It felt as though we were never going to get there at times during the waiting process. Then one day, we suddenly received the details of a tiny child, Tong Fang, who was half a world away. Then everything just started to happen in fast forward: we had to obtain visas, sort out travel arrangements, buy baby things and set off to find her, all with a few short weeks.
I have to admit that when we left home to travel to China, I was filled with trepidation, as there was so much at stake, especially the welfare of our future daughter.
I worried about whether Tong Fang (later to be given the English name Amy, whilst retaining her Chinese names as middle ones) would bond with us and about whether she would be healthy. Curiously, one thing I never worried about was whether Amy would feel like “mine” (something the childless often wonder about when contemplating adoption).
I look back on that time now and I really do wish I’d known then what I know now – that Amy Tong Fang was to bring a great deal of joy into my life and that, almost eighteen years later, I simply couldn’t imagine my life without her.
Elaine Rizzo works in finance for a company based in Manchester. Her daughter Amy Masters is now eighteen and at college. She enjoys art and design and her ambition is to become a photographer when she graduates. Both now live near Cardigan in West Wales.
Two Voices, One Story by Elaine Rizzo and Amy Masters (published by Clink Street Publishing 21st March 2017) is available to buy online from retailers including amazon.co.uk and can be ordered from all good bookstores.
When Amy Masters was found in 1998, no one knew anything about her. From the identity of her parents to the actual date of her birth, she was a mystery. All that was known was that she had been discovered outside of the gates of the Tong Ling Welfare Centre where doctors estimated she was about six weeks old. After spending over a year at the centre, Amy was adopted by a family from the UK who had navigated their own enduring months-long process through the complex foreign adoption system in order to find her. In Two Voices, One Story by Elaine Rizzo and Amy Masters, mother and daughter are both given the chance to tell the serendipitous story of how they became a family.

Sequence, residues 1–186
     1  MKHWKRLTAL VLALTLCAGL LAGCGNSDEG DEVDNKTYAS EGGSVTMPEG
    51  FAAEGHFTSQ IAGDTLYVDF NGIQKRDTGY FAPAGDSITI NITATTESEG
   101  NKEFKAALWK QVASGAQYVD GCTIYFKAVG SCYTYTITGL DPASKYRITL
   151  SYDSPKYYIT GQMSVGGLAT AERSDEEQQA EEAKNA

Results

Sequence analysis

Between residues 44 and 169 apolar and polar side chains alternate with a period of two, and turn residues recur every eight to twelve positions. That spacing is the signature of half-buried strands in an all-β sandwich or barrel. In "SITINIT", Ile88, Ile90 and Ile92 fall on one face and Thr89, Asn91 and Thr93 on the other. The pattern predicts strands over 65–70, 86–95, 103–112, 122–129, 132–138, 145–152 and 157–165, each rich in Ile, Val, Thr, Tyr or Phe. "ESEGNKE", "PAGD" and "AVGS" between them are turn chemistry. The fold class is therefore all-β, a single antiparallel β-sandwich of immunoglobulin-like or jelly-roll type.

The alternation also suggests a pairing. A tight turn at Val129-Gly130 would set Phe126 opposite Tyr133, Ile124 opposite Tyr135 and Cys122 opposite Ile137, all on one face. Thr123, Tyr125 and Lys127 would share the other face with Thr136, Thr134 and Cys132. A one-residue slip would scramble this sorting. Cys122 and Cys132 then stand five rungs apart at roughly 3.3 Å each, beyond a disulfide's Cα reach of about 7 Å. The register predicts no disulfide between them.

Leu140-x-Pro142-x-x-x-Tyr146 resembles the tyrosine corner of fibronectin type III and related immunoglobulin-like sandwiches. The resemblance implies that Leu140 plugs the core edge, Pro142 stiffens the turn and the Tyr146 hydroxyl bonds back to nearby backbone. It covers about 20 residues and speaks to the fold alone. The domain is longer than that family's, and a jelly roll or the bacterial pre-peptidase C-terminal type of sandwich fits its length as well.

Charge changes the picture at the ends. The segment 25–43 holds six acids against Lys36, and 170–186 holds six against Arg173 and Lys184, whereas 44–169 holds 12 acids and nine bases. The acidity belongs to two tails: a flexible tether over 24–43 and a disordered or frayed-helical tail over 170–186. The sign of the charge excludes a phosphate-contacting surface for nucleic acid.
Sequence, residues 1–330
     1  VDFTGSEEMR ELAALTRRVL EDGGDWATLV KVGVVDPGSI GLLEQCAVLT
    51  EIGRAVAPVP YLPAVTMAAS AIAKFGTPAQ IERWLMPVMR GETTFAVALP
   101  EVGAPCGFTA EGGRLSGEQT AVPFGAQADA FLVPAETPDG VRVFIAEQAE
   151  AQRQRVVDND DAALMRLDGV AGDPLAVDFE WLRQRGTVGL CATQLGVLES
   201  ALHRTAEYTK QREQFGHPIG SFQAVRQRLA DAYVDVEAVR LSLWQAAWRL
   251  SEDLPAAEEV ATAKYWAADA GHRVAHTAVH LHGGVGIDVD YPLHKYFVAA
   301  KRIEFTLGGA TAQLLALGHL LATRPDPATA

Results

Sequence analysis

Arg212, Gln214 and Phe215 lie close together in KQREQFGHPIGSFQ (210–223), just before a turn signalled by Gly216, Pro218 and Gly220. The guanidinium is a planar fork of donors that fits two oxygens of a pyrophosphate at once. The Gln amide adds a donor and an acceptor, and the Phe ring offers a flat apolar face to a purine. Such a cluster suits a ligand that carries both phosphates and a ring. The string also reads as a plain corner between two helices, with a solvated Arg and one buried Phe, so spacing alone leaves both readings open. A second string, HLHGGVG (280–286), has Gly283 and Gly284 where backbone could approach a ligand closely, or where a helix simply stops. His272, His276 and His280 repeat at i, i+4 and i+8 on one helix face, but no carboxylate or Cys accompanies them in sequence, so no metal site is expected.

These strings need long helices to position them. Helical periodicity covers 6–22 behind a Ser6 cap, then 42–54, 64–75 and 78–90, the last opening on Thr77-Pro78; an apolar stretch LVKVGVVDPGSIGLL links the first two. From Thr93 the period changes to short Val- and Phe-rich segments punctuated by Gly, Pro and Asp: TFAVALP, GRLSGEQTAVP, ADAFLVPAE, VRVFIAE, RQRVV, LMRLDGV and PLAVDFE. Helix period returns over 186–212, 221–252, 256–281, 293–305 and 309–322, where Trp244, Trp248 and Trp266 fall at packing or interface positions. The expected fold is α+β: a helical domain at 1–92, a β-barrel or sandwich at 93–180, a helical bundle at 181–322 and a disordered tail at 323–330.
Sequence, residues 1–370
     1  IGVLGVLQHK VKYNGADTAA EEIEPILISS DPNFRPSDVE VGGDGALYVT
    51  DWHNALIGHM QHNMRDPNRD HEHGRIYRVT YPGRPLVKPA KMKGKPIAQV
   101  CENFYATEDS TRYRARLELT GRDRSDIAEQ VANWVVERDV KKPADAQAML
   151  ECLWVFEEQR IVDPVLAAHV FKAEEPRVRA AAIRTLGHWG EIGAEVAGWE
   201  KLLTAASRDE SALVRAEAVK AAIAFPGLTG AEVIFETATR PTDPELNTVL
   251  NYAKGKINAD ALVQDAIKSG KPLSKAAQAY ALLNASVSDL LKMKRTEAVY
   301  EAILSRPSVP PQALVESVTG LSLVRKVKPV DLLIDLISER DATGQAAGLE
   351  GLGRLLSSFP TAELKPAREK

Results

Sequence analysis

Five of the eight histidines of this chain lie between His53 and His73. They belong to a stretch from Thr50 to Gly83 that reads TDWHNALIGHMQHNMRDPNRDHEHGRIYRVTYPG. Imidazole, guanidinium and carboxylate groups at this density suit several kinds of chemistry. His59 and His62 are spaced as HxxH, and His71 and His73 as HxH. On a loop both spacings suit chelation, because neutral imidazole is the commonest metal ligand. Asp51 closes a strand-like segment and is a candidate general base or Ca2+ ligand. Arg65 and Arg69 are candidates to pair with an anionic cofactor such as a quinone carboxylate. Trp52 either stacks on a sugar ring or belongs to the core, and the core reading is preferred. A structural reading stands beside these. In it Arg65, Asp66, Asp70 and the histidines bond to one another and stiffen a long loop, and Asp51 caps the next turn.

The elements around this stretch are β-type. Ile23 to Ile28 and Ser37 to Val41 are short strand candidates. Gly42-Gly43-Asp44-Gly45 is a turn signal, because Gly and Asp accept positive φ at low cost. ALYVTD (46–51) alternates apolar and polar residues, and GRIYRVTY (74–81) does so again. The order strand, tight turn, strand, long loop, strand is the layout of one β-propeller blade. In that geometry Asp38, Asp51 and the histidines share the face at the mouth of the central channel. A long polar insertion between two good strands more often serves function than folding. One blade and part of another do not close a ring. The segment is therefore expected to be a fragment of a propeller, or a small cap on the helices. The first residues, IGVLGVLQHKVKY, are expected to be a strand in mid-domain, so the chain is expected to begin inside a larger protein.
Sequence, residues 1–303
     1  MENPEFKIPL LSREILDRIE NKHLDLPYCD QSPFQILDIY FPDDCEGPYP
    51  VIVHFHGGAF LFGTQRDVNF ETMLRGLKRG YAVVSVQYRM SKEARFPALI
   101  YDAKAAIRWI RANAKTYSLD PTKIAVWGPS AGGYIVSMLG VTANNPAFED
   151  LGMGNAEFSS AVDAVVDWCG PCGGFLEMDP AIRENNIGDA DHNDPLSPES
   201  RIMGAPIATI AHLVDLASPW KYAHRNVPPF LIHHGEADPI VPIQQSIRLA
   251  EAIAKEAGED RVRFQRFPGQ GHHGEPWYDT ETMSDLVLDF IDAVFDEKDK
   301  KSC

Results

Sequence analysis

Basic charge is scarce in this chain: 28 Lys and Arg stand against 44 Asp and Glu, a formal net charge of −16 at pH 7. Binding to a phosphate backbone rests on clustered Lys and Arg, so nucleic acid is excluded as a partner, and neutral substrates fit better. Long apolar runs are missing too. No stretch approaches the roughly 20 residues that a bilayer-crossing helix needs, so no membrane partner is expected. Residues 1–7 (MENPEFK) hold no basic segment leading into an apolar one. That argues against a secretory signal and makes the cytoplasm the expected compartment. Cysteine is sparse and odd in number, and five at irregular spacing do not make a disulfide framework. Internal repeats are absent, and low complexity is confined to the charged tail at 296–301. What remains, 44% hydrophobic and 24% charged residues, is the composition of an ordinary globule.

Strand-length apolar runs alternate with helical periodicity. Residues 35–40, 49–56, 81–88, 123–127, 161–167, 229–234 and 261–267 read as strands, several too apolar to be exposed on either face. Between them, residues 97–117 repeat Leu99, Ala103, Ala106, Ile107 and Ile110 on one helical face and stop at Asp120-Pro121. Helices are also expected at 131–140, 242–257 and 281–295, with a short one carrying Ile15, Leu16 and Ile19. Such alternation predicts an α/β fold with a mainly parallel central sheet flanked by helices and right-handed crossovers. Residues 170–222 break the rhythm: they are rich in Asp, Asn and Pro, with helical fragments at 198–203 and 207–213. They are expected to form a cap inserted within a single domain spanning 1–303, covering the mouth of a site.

Beginning before Amy was even born, Two Voices, One Story details how her English parents, Elaine and Lee, came to adopt her, exploring infertility and their own struggle to start a family before deciding to adopt, immersing themselves into the overseas adoption process before the couple embark on their journey to bring their daughter home with them. The story continues with Amy’s own narrative, including the few details she actually knows — and some speculation on her part to fill in the gaps — about how she came to be living in an institute in mainland China as a very young baby , charting her childhood in England and her adolescence in Wales, culminating just before her eighteenth birthday.
Amy and Elaine give their own unique take on the emotional adoption roller-coaster; their honesty and determination to be a family is moving, thought-provoking and ultimately uplifting. Two Voices, One Story reveals the deepest thoughts and feelings of a parent who travelled the world to find her child, a daughter who has made a life for herself in a new country and culture, and the modern family they have created together.